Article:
As of April 29, 2022, ZAG’s duration is 7.59 is slightly lower than VAB’s. Although this is not a significant amount, it will be slightly more volatile when interest rates shift.

Compared to VAB, ZAG has had much worse performance recently. It does have a longer track record, which includes good years for bond performance (and a higher since inception return).

Vanguard VAB Fund Performance


Mackenzie’s QBB ETF is very similar to VAB in terms of the bonds held in its portfolio.

QBB has an MER of 0.08%, which is slightly lower than VAB’s.

QBB has a higher duration (8.47 as of Feb 28, 2022), which means more interest rate volatility for investors.

The performance of QBB has also been slightly better over most time frames:

Vanguard VAB CAR


Blackrock’s iShares XSAB ETF is also a good comparable ETF, with the added element of ESG selection.

What is ESG?

ESG screening is a way to look at investments and quantify them as being responsible or not. ESG stands for:

E – Environment
S – Social
G – Governance

Responsible investing has become more of a trend over the past several years. If you are looking for a similar bond ETF, with the added benefit of ESG analysis, XSAB is a great alternative.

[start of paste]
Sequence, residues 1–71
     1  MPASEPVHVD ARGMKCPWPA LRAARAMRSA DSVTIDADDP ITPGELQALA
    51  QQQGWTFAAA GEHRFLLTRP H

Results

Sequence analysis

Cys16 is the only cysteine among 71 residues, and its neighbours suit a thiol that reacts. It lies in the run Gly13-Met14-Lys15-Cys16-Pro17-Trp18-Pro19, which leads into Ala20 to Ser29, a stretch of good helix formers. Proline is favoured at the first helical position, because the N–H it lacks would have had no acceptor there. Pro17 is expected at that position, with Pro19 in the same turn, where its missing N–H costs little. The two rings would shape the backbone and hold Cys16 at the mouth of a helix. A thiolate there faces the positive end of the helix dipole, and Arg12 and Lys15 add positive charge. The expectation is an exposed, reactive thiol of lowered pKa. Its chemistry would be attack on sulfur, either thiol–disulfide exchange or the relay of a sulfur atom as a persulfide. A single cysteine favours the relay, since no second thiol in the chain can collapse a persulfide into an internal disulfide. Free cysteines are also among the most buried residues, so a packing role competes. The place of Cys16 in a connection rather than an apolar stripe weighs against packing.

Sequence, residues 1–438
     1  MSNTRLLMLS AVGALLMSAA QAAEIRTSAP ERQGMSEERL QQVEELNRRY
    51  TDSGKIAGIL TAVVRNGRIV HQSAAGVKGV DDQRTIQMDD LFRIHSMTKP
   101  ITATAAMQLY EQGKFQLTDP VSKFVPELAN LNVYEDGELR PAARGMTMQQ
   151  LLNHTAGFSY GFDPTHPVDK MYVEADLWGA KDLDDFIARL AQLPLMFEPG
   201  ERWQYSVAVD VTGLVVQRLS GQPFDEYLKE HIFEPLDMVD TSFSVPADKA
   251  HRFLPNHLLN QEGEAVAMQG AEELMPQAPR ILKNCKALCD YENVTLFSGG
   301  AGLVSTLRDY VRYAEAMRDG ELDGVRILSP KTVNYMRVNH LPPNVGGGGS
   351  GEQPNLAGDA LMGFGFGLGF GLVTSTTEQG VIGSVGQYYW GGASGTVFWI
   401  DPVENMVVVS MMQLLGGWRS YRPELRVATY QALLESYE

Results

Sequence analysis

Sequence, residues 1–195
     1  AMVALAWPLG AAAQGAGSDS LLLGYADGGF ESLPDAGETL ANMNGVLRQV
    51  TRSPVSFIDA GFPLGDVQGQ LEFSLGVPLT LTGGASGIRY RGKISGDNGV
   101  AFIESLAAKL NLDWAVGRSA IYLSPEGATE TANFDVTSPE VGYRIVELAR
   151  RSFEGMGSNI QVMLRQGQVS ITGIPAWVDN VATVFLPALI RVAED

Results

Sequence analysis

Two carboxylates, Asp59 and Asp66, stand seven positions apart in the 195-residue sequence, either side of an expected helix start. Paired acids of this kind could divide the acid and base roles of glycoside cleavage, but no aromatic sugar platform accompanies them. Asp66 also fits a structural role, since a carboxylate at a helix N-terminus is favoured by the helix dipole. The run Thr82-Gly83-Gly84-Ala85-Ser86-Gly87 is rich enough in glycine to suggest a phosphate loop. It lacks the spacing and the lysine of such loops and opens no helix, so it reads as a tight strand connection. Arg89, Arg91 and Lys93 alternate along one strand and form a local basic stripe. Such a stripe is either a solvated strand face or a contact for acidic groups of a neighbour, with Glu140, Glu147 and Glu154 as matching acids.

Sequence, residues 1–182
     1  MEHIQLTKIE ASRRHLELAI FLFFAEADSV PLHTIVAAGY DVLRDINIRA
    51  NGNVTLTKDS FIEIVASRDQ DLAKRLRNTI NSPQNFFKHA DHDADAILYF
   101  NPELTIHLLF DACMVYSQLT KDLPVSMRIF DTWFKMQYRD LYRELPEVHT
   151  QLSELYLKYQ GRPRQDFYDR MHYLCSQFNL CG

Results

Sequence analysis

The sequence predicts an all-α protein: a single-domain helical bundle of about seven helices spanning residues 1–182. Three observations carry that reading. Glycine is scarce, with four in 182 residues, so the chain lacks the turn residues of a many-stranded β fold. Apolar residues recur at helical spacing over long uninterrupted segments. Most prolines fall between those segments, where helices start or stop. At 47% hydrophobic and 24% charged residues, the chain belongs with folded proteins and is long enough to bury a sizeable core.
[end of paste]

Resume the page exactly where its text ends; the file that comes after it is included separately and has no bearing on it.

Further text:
Since there is the ESG component to the ETF, the MER is much higher, at 0.17%.

XSAB has a slightly lower duration (7.75 as of March 31, 2022), meaning less interest rate volatility.

Performance has also been fairly similar, as of March 31, 2022:

Vanguard VAB Annual Performance

Comparing Statistics between ETFs

When looking at any risk or performance metrics for ETFs or funds, it’s important to look at a fund’s inception date.

This will have a big impact on the since inception performance for the fund, and is usually different between funds.

The time period of the statistics is also very important. VAB, QBB, and XSAB have recent performance figures as of March 31, 2022.

This makes them easier to compare over the same time period. ZAG’s statistics above are as of April 29, 2022, making those statistics less comparable to the other three.

What about Buying Bonds Directly?

What about Buying Bonds Directly_

Another possible alternative to buying the VAB ETF is to buy some or all of the individual underlying bonds directly.

There are several key differences between holding an individual bond and buying a bond ETF.

Buying a Bond ETF